Medicare is a federally-funded and federally-managed health insurance program mainly designed to provide coverage for adults over 65. The funds come from Social Security that working people pay into the system, and rules and management are set at the federal level and are consistent in all states. Some people under 65 qualify for Medicare.
Enrolling in Medicare can be very confusing because there are many options, including basic vs. private plans and prescription plans. It is important to consider all the choices and to take time to make a final choice about enrollment and plans for Medicare, but in general most enrollees report getting good quality care and having good access to care.
What is Medicare?
Medicare is a public and federal health insurance program for Americans over the age of 65 and for certain other individuals who qualify for coverage. Medicare is funded entirely by the federal government through the Social Security Administration. The funding comes from taxes that workers in the U.S. pay into Social Security. Medicare is managed by the federal department known as the Centers for Medicare and Medicaid Services.
Beginning in the 1970s, Medicare enrollees were given the option to get benefits through a private health insurance plan rather than through the traditional Medicare system. Most of these alternatives are HMOs, or health maintenance organizations. In 2017 there were more than 57 million Americans enrolled in Medicare. About one-third of those chose a private insurance plan, a number that has been growing since 2004.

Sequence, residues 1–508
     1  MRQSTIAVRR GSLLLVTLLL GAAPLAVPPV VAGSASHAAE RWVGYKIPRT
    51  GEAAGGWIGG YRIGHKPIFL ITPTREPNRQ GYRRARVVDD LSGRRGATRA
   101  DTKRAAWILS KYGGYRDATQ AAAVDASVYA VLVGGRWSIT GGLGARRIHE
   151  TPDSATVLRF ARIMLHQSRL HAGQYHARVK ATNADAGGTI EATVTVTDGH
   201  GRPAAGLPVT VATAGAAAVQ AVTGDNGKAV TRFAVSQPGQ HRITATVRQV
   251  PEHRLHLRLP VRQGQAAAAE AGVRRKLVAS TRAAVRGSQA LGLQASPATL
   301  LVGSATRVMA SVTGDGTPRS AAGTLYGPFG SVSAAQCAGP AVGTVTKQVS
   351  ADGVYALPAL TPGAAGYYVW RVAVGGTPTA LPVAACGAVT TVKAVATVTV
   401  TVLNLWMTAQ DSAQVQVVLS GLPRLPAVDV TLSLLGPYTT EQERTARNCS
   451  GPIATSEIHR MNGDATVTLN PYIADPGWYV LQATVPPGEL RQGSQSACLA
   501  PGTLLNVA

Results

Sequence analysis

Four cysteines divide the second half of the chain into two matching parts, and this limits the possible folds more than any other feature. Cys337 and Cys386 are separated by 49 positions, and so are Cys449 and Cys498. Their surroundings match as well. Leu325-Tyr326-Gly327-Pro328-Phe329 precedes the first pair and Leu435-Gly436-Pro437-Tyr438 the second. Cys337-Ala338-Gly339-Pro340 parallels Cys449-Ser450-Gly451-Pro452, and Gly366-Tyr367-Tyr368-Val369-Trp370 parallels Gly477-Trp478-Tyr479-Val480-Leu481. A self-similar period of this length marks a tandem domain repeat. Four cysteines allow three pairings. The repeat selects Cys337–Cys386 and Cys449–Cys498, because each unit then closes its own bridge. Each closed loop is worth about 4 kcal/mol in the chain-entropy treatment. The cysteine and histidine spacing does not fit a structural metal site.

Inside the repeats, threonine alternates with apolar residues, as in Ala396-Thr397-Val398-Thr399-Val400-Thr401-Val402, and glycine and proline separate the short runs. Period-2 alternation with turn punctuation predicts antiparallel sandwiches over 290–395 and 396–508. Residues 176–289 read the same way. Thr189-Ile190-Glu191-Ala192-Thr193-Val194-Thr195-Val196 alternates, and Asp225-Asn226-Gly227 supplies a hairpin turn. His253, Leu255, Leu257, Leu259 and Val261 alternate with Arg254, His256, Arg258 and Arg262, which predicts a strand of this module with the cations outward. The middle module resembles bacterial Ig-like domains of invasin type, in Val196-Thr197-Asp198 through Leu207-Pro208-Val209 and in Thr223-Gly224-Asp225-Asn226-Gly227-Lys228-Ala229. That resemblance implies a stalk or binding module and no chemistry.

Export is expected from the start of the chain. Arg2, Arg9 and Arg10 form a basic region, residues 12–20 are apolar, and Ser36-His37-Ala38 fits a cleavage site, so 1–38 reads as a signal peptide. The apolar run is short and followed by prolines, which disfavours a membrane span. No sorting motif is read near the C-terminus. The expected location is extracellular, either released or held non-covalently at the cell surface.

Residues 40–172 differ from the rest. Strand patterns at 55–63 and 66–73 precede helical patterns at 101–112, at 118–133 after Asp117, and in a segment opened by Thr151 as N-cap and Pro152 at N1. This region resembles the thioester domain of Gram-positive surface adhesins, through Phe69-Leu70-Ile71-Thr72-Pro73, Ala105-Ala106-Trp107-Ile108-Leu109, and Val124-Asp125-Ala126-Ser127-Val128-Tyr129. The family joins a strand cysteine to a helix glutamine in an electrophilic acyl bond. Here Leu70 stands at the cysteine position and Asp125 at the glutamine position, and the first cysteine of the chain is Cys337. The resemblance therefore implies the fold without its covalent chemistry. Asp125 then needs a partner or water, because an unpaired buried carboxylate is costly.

Eligibility for Medicare
Eligibility rules for Medicare are the same across the U.S. since the program is funded and managed by the federal government, not by state governments. The biggest group that Medicare covers is adults over the age of 65. Anyone over 65 who has been a legal resident in the U.S. for at least five years, who has worked long enough (or whose spouse has) to be eligible for Social Security, or who is a government employee or retiree who did not pay into Social Security, is eligible for Medicare.
There are also some individuals under the age of 65 who can be eligible for Medicare coverage. These include people with permanent kidney failure, those with amyotrophic lateral sclerosis (ALS), also known as Lou Gehrig’s disease, and people with certain disabilities who have been received Social Security Disability for at least two years. Those with ALS or kidney disease do not have to wait this two-year period to be enrolled in Medicare.
Medicare Parts and Plans
Medicare can be very confusing because of a complicated set of rules and coverage benefits and also because the program includes several different parts as well as the option to choose a private health care plan. The basic and original form of Medicare includes two parts: A and B. Part C is the private insurance option, and Part D covers prescription medications.
- Part A. Both Parts A and B are included in the original, federally-run Medicare program. Part A covers the costs of hospital care nursing and stays. It does not cover physician care. It also covers some home health care services. Part A comes with a yearly deductible.
- Part B. Part B is medical coverages, which includes some of the costs of doctor appointments, home health care, rehabilitation, diagnostic tests, outpatient procedures, and mental health care. You can opt out of Part B, which requires a monthly premium.
- Part C. This is the plan offered through private insurers that have been approved by the Medicare program. This is also known as Medicare Advantage and to enroll, you must first enroll in Parts A and B. Individuals choose their own private plan from among the options and enroll through the private health insurer. Part C plans are typically HMOs or PPOs, preferred provider organizations.